Western Australia's DIALix claims to have been offering services commercially in Perth as early as 1989. Pegasus Networks' offered public dialup access to the Internet in Australia, commencing in June 1989 with local access, and moving to nationwide access from 14 September 1989.


In mid-1995, AVCC transferred its commercial customers, associated assets, and the management of interstate and international links to Telstra. Telstra thereby acquired the whole of the infrastructure that at that stage constituted 'the Internet in Australia'.

In 1996, as a response to the explosive growth in registrations, Robert Elz gave a non-exclusive 5-year licence to Melbourne IT, in return for which it undertook to perform the administration of

Late 1990s

In mid-1997, AARNet2 (not to be confused with Internet2!) was deployed as a national private ATM-based network, linking the eight RNOs by high-capacity dedicated bandwidth, having the capability of carrying voice and video traffic as well as data. Among other things, AARNet2 enabled, before the end of the decade, the implementation of voice over IP (voIP) within and between universities and the CSIRO.

A personal History of the Internet

On Sat, 19 Mar 1994 09:22:37 GMT I sent an announcement on-line that I was going on holiday. on my return I prepared a web page of my trip, which combined a travelogue and commentary about the developing network. In 1999 I published a book of my first five years working on-line, made up of edited versions of web pages:

This formula worked well and I used it to prepare and disseminate public policy about networking and develop policy for the Defence Department. Most of my work has been web related, or at least used the web since then, including on-line consultant reports and university teaching. The technical travelogues have continued, with "live" web reports transmitted from ships, aircraft and high speed trains.

Most recently I have strayed into the area of Interactive TV, where broadcasters have failed to learn the lessons of history. They are taking a technological path which ignores the social lessons we leant with the Internet and are likely to repeat the crash as a result.

Future History of the Internet: VoIP

The Government wants Australians to be able to benefit from the opportunities VOIP offers, while safeguarding the interests of consumers and the wider community...

The Department is now looking at the appropriateness of the broad policy and regulatory framework for voice services in light of the emergence of VOIP. This includes issues such as what policy goals should be pursued in relation to voice services, what types of voice services should be regulated and how they should be defined, and what specific obligations and rights should apply and how the arrangements should be implemented. ...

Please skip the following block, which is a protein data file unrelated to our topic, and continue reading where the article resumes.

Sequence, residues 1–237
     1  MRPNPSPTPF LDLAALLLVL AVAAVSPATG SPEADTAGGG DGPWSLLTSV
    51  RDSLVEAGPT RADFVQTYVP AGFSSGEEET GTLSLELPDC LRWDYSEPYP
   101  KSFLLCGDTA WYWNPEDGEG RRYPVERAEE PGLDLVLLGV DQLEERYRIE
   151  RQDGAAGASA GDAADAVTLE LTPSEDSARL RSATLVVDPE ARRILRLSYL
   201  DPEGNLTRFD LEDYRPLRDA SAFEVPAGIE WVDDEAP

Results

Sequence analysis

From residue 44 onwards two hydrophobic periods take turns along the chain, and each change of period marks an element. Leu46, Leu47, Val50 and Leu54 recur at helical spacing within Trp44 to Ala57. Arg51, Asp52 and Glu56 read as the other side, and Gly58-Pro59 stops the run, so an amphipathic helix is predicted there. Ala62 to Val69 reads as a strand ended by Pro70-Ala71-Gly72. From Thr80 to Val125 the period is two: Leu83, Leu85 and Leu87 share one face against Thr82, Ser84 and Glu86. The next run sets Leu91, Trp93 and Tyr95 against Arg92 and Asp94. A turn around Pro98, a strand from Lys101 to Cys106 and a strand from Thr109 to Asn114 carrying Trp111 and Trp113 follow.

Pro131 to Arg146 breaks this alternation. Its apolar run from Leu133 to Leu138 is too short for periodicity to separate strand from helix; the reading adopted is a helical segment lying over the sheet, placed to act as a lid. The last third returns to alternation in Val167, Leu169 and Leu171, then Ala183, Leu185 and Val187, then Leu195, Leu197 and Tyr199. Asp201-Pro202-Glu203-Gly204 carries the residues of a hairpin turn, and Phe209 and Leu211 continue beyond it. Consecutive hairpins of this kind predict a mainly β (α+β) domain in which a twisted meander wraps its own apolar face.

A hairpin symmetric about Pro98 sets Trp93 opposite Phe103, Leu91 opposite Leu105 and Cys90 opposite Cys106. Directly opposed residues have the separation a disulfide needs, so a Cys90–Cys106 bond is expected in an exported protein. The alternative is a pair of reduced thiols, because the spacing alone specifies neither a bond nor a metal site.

From: Emerging Voice Services - Voice over Internet Protocol (VOIP), DCITA, 16 March 2005, URL:

Voice over IP (VoIP), enables telephone calls to be made over the Internet. Sound is input using a low cost computer, digitized and then broken into packets of data, addressed and routed across the Internet. At the receiver's end the packets are reassembled and then turned back into sound. This is an application which has been available on the Internet (and other networks) for decades. However, it is just becoming practical as a commercial and domestic service as permanent Internet connections have become common in businesses and homes.

If a computer and Internet connection is already available, then VoIP can be added au minimal extra cost. Most personal computers already have provision for sound. Voice calls can be made between computers with a low cost microphone and headset. What is needed for a full service is the ability tow make calls to and from ordinary telephones. This service is now being provided by third party companies.

While VoIP is technically relatively simple and inexpensive, it has major implications for the telecommunications industry and the communitypreviously chanled by a separate thelephone infrastructure. Voice calls carried over the same networks as Internet traffic but up until now have remained charged for and regulated as if they used the old telephone infrastructure. The way Internet technology, business and regulation has developed can provide pointers to how this new issue can be delt with.

Further Information